Friday, 13 April 2012

Kathleen Freeman - Legacy For A Two Year Old

This Fridays Guest is Kath. She can be found on twitter as @sheepfoldcarer or her blog

Welcome Kath.

Thank you to Jan for inviting me onto his blog, I appreciate being included in the outreach work he and others are doing.

Two months before my second birthday my mother left me and my brothers and sister in the high street with a note. June 16th 1954. She never returned.

My mother was fined £10 for neglect and abandonment. When I obtained my Social Services file, it told me a lot about my history and confirmed some things that I already knew.
 By the time I was two I had lost mother, father, brothers, sisters, home and for the rest of those forty years my identity.

I was never to speak of who I was or where I came from, it was forbidden.
 This is my journey of discovery of myself of my story and memories I can only begin to own through the poems.

I realised that by shutting these poems away, I was repeating what had been done to me, what had been forbidden me-that of having a voice.

The poems I have chosen from my poetry blog 'Legacy for a Two Year Old' represent my journey of recovery of memories which continues to this day.

I think these words explain: A core identity of shame, serves as a defence against full awareness of early traumatisation.

I hope my poems speak about things I am not able to express explicitly.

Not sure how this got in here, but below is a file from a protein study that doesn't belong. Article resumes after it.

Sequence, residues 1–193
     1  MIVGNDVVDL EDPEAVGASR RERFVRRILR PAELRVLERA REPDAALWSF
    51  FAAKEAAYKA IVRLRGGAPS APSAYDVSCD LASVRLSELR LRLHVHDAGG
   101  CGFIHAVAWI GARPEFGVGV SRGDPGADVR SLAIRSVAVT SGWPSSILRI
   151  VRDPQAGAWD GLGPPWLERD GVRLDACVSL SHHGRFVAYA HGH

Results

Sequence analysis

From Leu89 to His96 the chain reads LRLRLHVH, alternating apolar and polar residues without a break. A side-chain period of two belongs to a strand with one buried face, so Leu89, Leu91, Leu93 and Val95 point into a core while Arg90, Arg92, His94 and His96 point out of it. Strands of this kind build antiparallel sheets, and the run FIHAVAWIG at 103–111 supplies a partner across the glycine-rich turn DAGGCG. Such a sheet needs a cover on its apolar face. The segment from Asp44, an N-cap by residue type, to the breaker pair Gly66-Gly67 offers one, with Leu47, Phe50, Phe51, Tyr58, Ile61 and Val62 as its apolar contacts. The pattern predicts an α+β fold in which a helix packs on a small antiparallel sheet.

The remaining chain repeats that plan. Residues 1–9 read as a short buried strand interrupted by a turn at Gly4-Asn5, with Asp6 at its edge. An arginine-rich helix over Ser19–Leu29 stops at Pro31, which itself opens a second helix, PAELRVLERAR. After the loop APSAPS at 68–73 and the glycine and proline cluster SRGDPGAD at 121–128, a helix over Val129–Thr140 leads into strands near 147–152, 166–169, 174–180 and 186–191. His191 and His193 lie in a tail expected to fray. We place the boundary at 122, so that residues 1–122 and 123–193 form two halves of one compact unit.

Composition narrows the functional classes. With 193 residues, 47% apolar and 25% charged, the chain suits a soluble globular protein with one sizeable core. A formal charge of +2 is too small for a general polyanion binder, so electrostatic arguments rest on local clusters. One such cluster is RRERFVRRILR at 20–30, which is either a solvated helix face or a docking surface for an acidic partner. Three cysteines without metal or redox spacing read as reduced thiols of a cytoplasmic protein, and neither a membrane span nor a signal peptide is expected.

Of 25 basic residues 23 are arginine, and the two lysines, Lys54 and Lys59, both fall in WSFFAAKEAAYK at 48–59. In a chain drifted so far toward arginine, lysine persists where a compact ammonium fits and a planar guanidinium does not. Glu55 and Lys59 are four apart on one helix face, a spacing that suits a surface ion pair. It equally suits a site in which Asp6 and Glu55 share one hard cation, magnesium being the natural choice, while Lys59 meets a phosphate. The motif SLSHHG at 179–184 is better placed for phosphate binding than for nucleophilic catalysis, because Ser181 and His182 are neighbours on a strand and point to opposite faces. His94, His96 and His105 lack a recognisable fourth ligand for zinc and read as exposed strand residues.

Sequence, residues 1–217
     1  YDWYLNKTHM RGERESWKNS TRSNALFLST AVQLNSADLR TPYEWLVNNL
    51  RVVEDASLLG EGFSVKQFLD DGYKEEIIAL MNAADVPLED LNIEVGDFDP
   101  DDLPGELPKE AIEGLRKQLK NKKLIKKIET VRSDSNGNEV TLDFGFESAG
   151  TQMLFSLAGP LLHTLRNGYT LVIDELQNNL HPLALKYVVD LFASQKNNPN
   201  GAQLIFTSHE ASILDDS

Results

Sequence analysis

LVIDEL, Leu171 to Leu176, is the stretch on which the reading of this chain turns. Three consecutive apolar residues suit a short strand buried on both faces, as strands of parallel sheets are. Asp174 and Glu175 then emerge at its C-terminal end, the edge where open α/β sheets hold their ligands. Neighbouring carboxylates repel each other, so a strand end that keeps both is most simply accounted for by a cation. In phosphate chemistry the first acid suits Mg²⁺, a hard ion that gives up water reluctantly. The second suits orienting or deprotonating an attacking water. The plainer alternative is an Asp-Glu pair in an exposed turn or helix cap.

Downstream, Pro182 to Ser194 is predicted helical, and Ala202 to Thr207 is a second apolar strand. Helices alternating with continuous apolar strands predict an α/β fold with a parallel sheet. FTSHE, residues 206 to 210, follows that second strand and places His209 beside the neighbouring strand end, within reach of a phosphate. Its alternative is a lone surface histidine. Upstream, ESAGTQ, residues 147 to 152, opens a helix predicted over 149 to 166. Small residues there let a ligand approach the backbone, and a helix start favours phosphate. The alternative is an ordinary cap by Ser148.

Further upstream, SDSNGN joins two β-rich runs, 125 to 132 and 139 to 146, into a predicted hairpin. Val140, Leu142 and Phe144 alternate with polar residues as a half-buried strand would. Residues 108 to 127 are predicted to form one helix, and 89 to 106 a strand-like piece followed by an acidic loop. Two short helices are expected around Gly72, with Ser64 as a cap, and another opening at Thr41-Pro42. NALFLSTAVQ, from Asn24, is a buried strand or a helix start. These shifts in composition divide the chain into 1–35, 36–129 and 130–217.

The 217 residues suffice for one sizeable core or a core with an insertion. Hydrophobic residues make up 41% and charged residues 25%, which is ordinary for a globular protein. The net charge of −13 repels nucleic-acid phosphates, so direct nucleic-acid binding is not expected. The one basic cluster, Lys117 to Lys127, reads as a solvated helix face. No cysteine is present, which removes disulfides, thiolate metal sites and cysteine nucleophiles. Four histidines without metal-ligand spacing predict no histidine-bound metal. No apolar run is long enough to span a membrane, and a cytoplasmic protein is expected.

I wrote poem 7 The box under my head after my brother-who I met again in my late teens, sent me a photograph of his carer, I had lived with the same man after we where first abandoned (aged two), and then I was moved on.

As soon as I pulled the photo from the envelope I went into a spin of panic and memories surfaced.

the second poem Mothers, describes the effects of that broken bond.

Poem 7

The box under my head

That old key you sent to me, in a large brown envelope.
Infected with rust and covered in verdigris.
It opened a box under my head.
From which all manner of demons catapulted.
These crazed whirling dervish memories.
It seems fitting that she abandoned us, in the
month of blood red poppies and stained memorials.
While others dress in pretty summer frocks,
I in my weeds play the fool, to make a pantomime.
That they may laugh at my ancient griefs.

Poem 22


She who abandons, disrupts, disturbs. Sends me into a rage inside myself.
Masked off by my rigid face set against you in anger.
Hatred made impotent by sorrow, tear washed, soiled by shit and blood.
Disgust warps it. The powerful aftermath all that remains from your body.
The smell no longer real, its memory enough.
Sadness, when I reach back to you long gone. Unheld in your arms.
I cannot bear your touch, your skin, to look like you.
I freeze with fear, hideous inside, collapsing like a stack of baby bricks.
Falling at every human encounter, unfamiliar with social graces.
Awkward as a child I fold; go over and over in my mind. . _
How should I have behaved? Always wanting to ask was I okay?
Did I do okay-say the right thing?
What will they think of me?
Who is mother?

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